In part, the dearth of whales along the cruise track can be attributed to the incredible amount of sea ice. The ice cover the ship has encountered is far greater than anything in the last 15 years of LTER cruises, and every science group has felt its effects, whether in terms of ship operations or interesting data. The Palmer area, too, has had an anomalous ice year, with a late sea ice retreat, and a large amount of “fast” ice in the harbor. Throughout January, over twenty icebergs were constantly visible from station, moving, shifting, and breaking to create brash ice.

There’s a lot more to write about, and I will soon. Until then, I hope everyone is having a great start to 2016!

Bad Moon Rising

At Palmer, much of the research and work undertaken involves boating, and so  the weather forecast is the local equivalent of a gossip column–“Have you seen Passage yet today? Something big is about to roll in.”

The last few weeks have brought us some of our windiest weather of the season. Bad weather days are always part frustrating, as they can stymie sampling we’ve already prepared for, and part thrilling–everyone likes to watch a good squall develop, casting that characteristic flat yet bright light, fluffing up whitecaps in the harbor, and exhaling winds that will drain your coffee cup as you walk between buildings. Since my arrival in October, our record gust has been 69 kts, or almost 80 mph.

Along with some foul weather, a lot of wonderful things have happened lately. Last Friday, we celebrated Conor’s birthday with a polar plunge, creating a “vortex” in the hot tub (everyone runs in the same direction until the water is forced into a whirlpool and sweeps everyone in circles), and pumpkin pie. Saturday, we celebrated Valentine’s Day with an 80’s-themed dance party. On Tuesday, we woke up to dense fog shrouding station and the surrounding islands, but the weather surprised us by turning for the better, and we had the rare and wonderful experience of sampling under blue skies.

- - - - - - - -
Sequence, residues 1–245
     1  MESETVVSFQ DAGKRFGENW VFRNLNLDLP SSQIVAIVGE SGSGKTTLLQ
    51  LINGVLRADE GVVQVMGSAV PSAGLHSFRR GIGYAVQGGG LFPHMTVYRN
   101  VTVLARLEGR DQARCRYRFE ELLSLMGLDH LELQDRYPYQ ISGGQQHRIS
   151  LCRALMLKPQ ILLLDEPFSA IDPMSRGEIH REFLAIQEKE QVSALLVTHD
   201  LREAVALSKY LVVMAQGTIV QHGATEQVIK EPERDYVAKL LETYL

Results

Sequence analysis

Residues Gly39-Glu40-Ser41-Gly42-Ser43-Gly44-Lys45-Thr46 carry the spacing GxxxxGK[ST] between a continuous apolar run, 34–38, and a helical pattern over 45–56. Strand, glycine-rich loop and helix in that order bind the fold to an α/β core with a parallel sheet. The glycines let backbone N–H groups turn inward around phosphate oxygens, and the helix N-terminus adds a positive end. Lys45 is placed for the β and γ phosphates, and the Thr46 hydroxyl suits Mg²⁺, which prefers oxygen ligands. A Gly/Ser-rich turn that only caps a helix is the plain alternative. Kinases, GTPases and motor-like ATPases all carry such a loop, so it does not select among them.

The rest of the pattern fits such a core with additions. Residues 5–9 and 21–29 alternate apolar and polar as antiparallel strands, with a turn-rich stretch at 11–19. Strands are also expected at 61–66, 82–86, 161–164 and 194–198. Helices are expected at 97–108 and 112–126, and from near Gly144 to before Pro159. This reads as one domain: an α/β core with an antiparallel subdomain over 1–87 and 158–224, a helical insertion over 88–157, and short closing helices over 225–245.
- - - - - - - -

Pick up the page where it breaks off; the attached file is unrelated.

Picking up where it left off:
Often, during the work day, I feel like I could be in any lab anywhere in the world, and I don’t realize and appreciate where I am. Last week, I went to a nearby island with the bird researchers to help them weigh penguin fledglings.That day, standing on an Antarctic beach, looking at a group of penguins so young they couldn’t even swim properly, three sleeping elephant seals, numerous raucous fur seals, and clear skies dotted by icebergs, I felt so lucky to be here.

Today brought another wonderful Antarctica moment: while we were water sampling at Station B, the local iceberg flipped onto its side, and a house-sized chunk calved off. We all stood for a stunned moment, then snapped into action as the resulting wave began to move in our direction, and we hastily motored away to calm water.

Even if a bad moon is gonna rise, this is a pretty good place to be.

Visitors to Palmer

During the summer season, besides the cruise ships that travel the western Antarctic Peninsula, Palmer also receives visits by chartered yachts (which, this year, have to clear an Ebola exam first). Because the yachts carry so many fewer people, we’re able to interact with the passengers and crew much more. Two stopped by station recently, and were a lot of fun in different ways.

After it became known that the baseline price of the first yacht was a quarter million dollars per week, rumors began flying as to who the four passengers aboard could be. The rumors grew wilder and more numerous as the ship grew nearer, and included:

– Beyonce and Jay-Z
– The entire cast of Game of Thrones, bearing Season 5 on DVD
– Tammilee Webb (whose Abs of Steel fitness video is, for an admiring few, the prelude to lunch three days per week)